Equipment is an important consideration when preparing for a championship. Each character has a set of unique attributes and there are certain RPG elements to the game. Some brawlers are faster and deliver punches more swiftly, while others may be sluggish, yet hit like tanks. Everyone can be equipped with gloves which improve their attack, boots for defense and an accessory which often grants a unique ability or improves an existing one, like being able to jump higher. All items are divided into tier and rarity and can be purchased for gold coins via the various shops, but the superior equipment is awarded for earning a gold medal in a championship. Characters level up when accumulating fame and their abilities can be improved by allocating skill points; all brawlers develop equally, regardless if they’re being actively picked or not.
Enemies come in a wide variety and most of them have strengths and weaknesses. For instance, a fire-based enemy is strong against poison, but vulnerable to vernantium attacks (a special element within the game), and it’s important to pick the right equipment, which exploits these weaknesses, especially in the more advanced leagues when the game becomes substantially more difficult. It can be challenging to obtain a silver medal on any given championship, let alone the coveted gold medal. Thankfully then, previously completed levels can be revisited with better equipment. It is extremely satisfying to replay levels while being overpowered, beat record times and obtain better items as a result. The relative monotony of each championship is broken with additional challenge levels. These can range from simple pole races with a single goal of crossing the finish line in the quickest time, to singleton levels which require the characters to deal as much damage as possible in the allotted time-frame.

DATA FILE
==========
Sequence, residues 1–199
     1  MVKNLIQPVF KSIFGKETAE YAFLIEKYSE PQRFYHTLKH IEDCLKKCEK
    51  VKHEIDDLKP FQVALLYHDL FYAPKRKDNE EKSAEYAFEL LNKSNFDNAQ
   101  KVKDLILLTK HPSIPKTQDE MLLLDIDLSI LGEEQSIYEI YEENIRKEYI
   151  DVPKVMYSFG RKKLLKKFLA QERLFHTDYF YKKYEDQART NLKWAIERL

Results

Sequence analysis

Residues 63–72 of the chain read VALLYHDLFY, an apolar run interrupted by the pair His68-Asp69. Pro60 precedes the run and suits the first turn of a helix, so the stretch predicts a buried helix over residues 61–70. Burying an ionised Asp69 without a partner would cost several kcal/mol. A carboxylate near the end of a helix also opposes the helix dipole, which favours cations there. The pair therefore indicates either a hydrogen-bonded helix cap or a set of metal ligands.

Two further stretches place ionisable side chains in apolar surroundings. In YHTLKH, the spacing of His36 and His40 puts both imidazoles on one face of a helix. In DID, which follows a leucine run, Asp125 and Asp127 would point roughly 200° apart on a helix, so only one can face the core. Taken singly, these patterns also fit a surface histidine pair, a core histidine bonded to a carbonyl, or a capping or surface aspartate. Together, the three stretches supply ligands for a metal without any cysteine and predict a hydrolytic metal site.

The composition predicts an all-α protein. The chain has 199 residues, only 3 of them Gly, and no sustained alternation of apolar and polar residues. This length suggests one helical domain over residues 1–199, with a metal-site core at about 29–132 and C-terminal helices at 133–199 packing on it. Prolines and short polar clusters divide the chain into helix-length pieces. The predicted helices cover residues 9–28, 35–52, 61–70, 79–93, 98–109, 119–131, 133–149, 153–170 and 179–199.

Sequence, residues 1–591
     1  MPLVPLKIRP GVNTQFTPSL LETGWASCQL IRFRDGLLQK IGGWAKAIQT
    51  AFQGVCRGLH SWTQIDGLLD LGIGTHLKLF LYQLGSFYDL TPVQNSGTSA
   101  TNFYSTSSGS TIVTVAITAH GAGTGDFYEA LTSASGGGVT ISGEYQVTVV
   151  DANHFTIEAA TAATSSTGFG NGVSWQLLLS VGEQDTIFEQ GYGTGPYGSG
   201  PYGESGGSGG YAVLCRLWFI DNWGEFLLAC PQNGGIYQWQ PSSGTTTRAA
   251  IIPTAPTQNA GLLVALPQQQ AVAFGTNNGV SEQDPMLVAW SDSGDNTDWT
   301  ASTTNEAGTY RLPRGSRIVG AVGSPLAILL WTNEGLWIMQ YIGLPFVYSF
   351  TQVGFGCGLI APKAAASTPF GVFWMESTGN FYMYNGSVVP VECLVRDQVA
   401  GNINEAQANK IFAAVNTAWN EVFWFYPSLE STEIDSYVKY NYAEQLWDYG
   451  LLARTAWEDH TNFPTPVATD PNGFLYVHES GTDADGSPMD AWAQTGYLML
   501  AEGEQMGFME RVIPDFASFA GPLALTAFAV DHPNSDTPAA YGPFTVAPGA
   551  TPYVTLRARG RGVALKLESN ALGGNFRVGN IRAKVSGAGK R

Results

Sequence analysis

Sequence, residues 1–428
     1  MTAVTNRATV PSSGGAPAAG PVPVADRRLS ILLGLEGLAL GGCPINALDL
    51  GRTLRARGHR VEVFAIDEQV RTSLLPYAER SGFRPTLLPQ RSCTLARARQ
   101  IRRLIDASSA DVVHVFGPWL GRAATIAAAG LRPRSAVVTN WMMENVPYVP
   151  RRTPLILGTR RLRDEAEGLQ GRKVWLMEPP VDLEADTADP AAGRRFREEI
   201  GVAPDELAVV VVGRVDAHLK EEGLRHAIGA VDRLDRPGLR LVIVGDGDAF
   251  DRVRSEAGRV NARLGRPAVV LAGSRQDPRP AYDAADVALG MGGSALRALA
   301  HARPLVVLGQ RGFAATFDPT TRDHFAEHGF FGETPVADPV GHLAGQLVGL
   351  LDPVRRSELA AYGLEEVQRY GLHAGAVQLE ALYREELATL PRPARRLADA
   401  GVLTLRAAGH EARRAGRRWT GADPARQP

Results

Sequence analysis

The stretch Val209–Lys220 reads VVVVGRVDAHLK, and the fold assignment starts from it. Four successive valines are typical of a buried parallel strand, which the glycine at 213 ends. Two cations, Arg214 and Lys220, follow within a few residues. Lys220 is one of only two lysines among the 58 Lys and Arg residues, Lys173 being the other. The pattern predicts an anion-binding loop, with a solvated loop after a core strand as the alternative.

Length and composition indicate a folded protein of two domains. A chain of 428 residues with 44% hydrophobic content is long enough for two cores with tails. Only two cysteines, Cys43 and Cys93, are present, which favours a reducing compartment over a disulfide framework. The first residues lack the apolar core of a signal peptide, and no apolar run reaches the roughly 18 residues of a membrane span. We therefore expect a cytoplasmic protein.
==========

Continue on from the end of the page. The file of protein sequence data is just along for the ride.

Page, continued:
Every level can be completed either solo or in local/online co-op, and leaderboards are present for particularly competitive players. During co-op, two players can pick a tag-team of brawlers; enemies become tougher, but progression is made significantly easier with the addition of the second player. Battles can become chaotic with two players simultaneously jumping, punching and tagging on the screen, but are enjoyable nonetheless and the overall progress is saved for each player.
Despite the inclusion of diverse challenge levels, the game does become somewhat repetitive, and the otherwise enjoyable brawling experience is marred by numerous bugs and glitches – some minor, and some not so minor. For instance, a character might get stuck in the environment upon being knocked out, or continuously fall into a pit, requiring a restart, and background music often stops after restarting a stage. Worst of all, the completion time for certain stages may not register correctly, awarding a lower medal than it should.
Speed Brawl is excellent when it’s at its peak; it’s comparable to titles like Scott Pilgrim vs. The World: The Game, and Skullgirls, both in terms of visuals and gameplay. However, it adds a twist with the inclusion of timed events and, should the copious number of bugs not deter you, is worth the attention for its fluid action-packed gameplay and the alluring visual get-up alone.